Fife pupils help threatened birds in farmland project
Pupils from a number of Fife primary schools took part in a very special event last week to help one of Scotland's most threatened birds, the corn bunting.
Over 150 children from Elie, Crail and Pittenweem Primary Schools helped create giant bird tables by sowing a wild bird seed mix at designated Fife Council sites local to the schools, which will provide a vital food source for corn buntings and other farmland birds over the winter.
The seed mix also contains wildflowers including clover and linseed which will encourage pollinators such as bees and butterflies.
Elaine Paterson, headteacher at Pittenweem Primary School, said: “The children enjoyed the opportunity to learn about the corn buntings and to play their part in helping to increase their numbers by sowing a wild patch to provide a suitable habitat for them. They particularly enjoyed stomping the seeds into the ground!”
Corn buntings have suffered dramatic declines in East Scotland over the past few decades with numbers falling by 83 per cent between 1989 and 2007, marking them as one of Scotland’s fastest declining birds. A Corn Bunting Recovery Project was launched in Fife and thanks to the actions of farmers and estates involved; the fortunes of this special bird have changed.
Last year, survey work identified the highest increase in corn bunting numbers in Fife in any single year since monitoring began: between 2015 and 2016, the number of territories increased by 18 per cent, from 62 to 73 on participating farms. This is largely due to providing a winter food source for the birds as well as safe nesting spaces and summer insect food for the chicks.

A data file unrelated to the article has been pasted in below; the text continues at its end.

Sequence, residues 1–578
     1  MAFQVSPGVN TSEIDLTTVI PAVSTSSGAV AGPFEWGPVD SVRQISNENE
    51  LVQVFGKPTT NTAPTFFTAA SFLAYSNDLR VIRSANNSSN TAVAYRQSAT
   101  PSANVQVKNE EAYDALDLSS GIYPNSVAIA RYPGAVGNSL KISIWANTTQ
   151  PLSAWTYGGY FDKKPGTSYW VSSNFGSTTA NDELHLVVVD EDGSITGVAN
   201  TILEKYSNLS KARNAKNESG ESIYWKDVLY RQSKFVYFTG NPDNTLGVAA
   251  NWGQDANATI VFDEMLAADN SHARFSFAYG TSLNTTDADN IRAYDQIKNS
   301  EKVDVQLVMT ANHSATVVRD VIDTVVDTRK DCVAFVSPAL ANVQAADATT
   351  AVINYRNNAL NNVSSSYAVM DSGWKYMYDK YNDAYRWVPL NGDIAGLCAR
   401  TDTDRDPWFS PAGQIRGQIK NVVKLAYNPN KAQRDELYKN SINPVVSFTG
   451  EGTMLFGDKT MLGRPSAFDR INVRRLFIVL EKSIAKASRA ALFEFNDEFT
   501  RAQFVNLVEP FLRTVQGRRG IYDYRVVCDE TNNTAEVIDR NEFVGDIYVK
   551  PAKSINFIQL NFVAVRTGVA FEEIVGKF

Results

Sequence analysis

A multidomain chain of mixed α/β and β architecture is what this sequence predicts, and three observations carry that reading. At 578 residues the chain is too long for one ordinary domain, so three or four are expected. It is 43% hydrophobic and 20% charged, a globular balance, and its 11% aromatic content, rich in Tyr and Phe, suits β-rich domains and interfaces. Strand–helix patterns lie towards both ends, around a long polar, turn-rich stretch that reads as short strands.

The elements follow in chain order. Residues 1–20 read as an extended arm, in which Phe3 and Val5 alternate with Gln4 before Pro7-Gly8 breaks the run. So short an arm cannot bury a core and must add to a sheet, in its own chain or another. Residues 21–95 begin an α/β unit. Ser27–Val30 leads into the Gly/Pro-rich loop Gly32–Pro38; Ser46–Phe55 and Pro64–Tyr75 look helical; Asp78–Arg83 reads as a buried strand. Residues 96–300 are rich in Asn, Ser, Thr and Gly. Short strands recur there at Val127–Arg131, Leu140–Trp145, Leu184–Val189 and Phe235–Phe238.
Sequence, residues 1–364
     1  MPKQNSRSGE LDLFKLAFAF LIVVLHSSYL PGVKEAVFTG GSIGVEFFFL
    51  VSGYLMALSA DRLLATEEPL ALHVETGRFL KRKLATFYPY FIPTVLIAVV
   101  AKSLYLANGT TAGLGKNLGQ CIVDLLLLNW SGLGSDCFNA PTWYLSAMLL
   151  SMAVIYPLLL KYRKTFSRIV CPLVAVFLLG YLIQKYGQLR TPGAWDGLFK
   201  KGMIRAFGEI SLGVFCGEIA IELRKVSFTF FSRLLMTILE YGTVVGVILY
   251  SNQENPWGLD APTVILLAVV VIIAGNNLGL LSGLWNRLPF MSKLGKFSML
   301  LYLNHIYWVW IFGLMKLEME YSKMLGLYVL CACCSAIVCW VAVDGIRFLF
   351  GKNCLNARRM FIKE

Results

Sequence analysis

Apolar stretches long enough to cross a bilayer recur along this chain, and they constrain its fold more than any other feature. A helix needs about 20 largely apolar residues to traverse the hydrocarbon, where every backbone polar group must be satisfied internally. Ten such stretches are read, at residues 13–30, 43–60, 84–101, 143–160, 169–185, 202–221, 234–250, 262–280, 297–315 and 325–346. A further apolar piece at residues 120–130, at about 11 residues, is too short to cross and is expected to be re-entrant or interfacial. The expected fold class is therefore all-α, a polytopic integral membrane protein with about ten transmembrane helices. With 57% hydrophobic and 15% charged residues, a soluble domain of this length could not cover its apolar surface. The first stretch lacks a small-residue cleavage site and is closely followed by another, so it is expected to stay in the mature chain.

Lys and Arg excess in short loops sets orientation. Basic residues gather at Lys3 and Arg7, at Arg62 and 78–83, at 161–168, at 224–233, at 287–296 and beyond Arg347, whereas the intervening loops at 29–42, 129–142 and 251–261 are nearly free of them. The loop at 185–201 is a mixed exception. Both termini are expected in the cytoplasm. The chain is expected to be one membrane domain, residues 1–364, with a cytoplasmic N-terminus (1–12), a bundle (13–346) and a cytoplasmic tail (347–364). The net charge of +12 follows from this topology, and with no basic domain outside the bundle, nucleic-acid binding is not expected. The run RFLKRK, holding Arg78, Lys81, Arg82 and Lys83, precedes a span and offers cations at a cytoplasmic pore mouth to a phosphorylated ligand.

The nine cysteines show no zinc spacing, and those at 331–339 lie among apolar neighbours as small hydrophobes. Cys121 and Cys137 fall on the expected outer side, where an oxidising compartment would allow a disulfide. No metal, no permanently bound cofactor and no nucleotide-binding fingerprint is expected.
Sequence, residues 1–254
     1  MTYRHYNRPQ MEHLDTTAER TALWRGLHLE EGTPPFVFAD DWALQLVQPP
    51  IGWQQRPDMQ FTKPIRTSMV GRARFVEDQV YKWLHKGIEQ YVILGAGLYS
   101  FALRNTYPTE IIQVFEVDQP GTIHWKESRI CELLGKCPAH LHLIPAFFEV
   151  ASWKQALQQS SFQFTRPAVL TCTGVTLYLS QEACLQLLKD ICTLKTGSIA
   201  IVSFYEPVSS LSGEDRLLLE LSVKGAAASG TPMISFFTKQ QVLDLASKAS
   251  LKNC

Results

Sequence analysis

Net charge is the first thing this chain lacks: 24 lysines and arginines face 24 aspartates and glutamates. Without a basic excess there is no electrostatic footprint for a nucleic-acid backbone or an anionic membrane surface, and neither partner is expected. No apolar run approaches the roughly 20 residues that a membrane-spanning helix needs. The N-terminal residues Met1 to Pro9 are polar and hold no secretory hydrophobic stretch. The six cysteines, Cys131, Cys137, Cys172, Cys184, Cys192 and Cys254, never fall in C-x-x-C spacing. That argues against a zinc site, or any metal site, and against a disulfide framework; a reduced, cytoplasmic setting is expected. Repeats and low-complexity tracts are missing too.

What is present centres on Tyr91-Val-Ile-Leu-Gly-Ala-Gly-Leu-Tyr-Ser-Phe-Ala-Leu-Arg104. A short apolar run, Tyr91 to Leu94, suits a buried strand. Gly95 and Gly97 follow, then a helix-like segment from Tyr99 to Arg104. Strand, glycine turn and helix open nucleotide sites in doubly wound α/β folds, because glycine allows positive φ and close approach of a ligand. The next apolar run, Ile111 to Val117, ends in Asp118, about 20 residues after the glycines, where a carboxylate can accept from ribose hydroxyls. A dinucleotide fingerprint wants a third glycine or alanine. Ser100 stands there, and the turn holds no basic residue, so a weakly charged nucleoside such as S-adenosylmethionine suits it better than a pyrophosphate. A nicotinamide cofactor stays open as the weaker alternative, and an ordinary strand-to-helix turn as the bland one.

Johanna Willi, Biodiversity officer for Fife Council, said: “We are very fortunate to have a population of the threatened corn bunting right here on our doorstep in Fife, and it was so exciting to be able to team up with primary school children to take action to help protect this charming farmland bird.”
She added: “Big thanks to Fife Council’s park operations team who got the ground prepared for sowing. We are delighted to be working with RSPB Scotland.”
Yvonne Stephan is a conservation advisor for RSPB Scotland and helps run the Corn Bunting Recovery Project. She said: “It’s fantastic to see all the excitement about corn buntings and how the entire region pulls together to save this little bird. The children did a fantastic job in sowing the seeds and it’s heart warming to see how many people are joining forces.”